Dr Zhivago by Boris Pasternak (1957)

30 December 2011

Half way through reading Dr Zhivago in the Hayward and Harari translation (1958), in a lovely yellow-spined old Flamingo imprint. (Ann Pasternak Slater wrote a Guardian article comparing this translation with the newer one by Larissa Volokhonsky and Richard Pevear).

  1. DZ is divided into short numbered sections, often only a page long, like snapshots. In fact it could be compared to a photo album, a collection of key moments in the lives of the protagonists.
  2. There are more protagonists than in the film, and their relationships are more complex. It fills me with admiration for the screenwriter, Robert Bolt, who reduced the complex novel to the essential elements of the love story and brought its disparate elements into balance.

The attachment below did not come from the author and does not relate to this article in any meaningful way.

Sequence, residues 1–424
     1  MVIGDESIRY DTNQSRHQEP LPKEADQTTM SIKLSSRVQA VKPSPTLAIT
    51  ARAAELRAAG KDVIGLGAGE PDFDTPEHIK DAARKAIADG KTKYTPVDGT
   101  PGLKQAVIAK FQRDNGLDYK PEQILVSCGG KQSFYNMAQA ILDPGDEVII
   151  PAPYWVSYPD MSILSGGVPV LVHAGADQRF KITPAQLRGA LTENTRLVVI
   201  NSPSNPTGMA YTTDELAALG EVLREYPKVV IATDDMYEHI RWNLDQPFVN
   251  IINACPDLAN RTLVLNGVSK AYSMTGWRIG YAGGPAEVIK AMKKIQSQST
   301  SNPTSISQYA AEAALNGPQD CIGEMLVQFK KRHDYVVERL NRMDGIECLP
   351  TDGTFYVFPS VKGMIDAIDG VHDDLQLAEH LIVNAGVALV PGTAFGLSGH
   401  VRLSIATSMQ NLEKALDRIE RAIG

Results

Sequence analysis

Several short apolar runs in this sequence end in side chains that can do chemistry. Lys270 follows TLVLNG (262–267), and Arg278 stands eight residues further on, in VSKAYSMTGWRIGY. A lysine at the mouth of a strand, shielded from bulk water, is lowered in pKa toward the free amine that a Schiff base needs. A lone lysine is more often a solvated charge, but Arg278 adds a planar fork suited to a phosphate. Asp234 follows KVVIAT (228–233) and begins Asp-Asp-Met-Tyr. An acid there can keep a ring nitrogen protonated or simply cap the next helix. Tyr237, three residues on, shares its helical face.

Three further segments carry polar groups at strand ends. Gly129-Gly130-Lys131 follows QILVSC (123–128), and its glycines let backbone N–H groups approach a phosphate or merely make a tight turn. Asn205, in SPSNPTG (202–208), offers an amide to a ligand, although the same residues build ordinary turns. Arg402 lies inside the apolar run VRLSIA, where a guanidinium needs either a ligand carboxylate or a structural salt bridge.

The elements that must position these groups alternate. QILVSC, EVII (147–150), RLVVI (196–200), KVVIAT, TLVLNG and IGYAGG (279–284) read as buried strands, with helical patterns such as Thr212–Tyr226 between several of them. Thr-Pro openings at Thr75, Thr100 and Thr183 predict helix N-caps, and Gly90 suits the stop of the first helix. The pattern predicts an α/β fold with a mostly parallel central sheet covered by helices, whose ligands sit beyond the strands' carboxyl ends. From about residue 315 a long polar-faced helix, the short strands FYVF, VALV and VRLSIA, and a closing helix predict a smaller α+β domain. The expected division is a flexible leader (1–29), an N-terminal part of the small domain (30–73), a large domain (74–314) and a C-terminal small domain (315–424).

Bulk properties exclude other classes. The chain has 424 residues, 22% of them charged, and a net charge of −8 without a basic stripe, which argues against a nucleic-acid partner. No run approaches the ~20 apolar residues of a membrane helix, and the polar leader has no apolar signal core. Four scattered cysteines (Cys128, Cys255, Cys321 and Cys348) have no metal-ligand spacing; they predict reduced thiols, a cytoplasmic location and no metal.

3. I’m dismayed by the casual violence the characters display. Whether it’s the children fighting in the lily pond, or the iron master beating his apprentice, or Komarovsky beating his dog, a high level of verbal and physical violence seemed to be acceptable at all levels of the Russian society that Pasternak portrays. In tandem, there is little or no humour, no understatement or irony. People seem to tell each other exactly what’s on their minds and it’s always primal and immediate. There’s no detachment. The anger, verbal aggression and low-level violence of the pre-revolution prepares you and, arguably, prepared the Russian people, for the sickening violence of the revolution and civil war.
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